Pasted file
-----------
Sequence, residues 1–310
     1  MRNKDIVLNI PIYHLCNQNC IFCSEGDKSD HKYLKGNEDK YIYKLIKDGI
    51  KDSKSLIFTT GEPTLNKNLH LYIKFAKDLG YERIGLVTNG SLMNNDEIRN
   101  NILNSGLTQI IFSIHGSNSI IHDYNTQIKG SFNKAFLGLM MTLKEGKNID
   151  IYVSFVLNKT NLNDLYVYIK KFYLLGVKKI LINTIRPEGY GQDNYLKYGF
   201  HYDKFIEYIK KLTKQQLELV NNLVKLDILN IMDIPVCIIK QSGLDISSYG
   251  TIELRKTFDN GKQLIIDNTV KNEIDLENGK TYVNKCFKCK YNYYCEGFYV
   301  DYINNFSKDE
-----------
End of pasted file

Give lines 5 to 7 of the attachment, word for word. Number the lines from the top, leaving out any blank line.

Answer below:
   151  IYVSFVLNKT NLNDLYVYIK KFYLLGVKKI LINTIRPEGY GQDNYLKYGF
   201  HYDKFIEYIK KLTKQQLELV NNLVKLDILN IMDIPVCIIK QSGLDISSYG
   251  TIELRKTFDN GKQLIIDNTV KNEIDLENGK TYVNKCFKCK YNYYCEGFYV